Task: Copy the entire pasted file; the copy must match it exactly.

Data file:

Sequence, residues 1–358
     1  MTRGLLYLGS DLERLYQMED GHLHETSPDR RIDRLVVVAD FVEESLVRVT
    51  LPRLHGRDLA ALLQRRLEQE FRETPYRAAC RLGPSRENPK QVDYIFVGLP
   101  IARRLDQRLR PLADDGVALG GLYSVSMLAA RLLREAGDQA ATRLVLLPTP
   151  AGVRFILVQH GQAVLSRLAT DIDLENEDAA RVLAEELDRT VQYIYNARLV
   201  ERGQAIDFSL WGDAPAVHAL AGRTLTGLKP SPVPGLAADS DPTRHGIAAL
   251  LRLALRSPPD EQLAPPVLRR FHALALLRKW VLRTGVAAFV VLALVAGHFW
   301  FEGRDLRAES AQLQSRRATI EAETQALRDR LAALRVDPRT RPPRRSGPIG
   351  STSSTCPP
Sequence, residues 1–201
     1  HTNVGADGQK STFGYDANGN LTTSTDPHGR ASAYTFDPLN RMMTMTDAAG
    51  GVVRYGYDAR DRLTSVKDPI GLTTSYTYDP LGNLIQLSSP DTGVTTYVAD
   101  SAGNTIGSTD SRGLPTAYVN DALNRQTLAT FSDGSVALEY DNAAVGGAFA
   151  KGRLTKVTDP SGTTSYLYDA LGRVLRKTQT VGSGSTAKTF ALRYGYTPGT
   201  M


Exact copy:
Sequence, residues 1–358
     1  MTRGLLYLGS DLERLYQMED GHLHETSPDR RIDRLVVVAD FVEESLVRVT
    51  LPRLHGRDLA ALLQRRLEQE FRETPYRAAC RLGPSRENPK QVDYIFVGLP
   101  IARRLDQRLR PLADDGVALG GLYSVSMLAA RLLREAGDQA ATRLVLLPTP
   151  AGVRFILVQH GQAVLSRLAT DIDLENEDAA RVLAEELDRT VQYIYNARLV
   201  ERGQAIDFSL WGDAPAVHAL AGRTLTGLKP SPVPGLAADS DPTRHGIAAL
   251  LRLALRSPPD EQLAPPVLRR FHALALLRKW VLRTGVAAFV VLALVAGHFW
   301  FEGRDLRAES AQLQSRRATI EAETQALRDR LAALRVDPRT RPPRRSGPIG
   351  STSSTCPP
Sequence, residues 1–201
     1  HTNVGADGQK STFGYDANGN LTTSTDPHGR ASAYTFDPLN RMMTMTDAAG
    51  GVVRYGYDAR DRLTSVKDPI GLTTSYTYDP LGNLIQLSSP DTGVTTYVAD
   101  SAGNTIGSTD SRGLPTAYVN DALNRQTLAT FSDGSVALEY DNAAVGGAFA
   151  KGRLTKVTDP SGTTSYLYDA LGRVLRKTQT VGSGSTAKTF ALRYGYTPGT
   201  M